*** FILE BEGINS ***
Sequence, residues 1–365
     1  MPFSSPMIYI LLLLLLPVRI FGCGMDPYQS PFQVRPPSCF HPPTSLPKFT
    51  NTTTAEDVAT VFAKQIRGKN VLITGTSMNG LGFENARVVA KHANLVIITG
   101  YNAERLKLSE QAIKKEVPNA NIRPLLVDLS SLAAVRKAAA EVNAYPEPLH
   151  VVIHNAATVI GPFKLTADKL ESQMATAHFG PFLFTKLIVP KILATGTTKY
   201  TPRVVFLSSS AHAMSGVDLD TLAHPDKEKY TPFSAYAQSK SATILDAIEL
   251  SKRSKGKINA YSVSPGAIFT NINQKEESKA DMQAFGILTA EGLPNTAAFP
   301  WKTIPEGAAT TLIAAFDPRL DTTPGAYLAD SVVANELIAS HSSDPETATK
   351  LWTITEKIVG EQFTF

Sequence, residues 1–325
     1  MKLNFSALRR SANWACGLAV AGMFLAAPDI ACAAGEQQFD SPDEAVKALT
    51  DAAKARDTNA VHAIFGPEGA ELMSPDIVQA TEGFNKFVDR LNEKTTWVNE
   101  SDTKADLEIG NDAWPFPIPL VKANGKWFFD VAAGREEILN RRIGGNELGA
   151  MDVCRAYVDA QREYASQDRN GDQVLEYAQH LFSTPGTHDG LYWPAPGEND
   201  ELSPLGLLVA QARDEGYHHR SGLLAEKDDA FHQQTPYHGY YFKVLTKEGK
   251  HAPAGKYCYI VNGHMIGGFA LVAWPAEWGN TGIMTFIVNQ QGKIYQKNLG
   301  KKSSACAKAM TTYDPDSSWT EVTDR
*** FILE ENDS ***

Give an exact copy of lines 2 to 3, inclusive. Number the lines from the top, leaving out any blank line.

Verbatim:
     1  MPFSSPMIYI LLLLLLPVRI FGCGMDPYQS PFQVRPPSCF HPPTSLPKFT
    51  NTTTAEDVAT VFAKQIRGKN VLITGTSMNG LGFENARVVA KHANLVIITG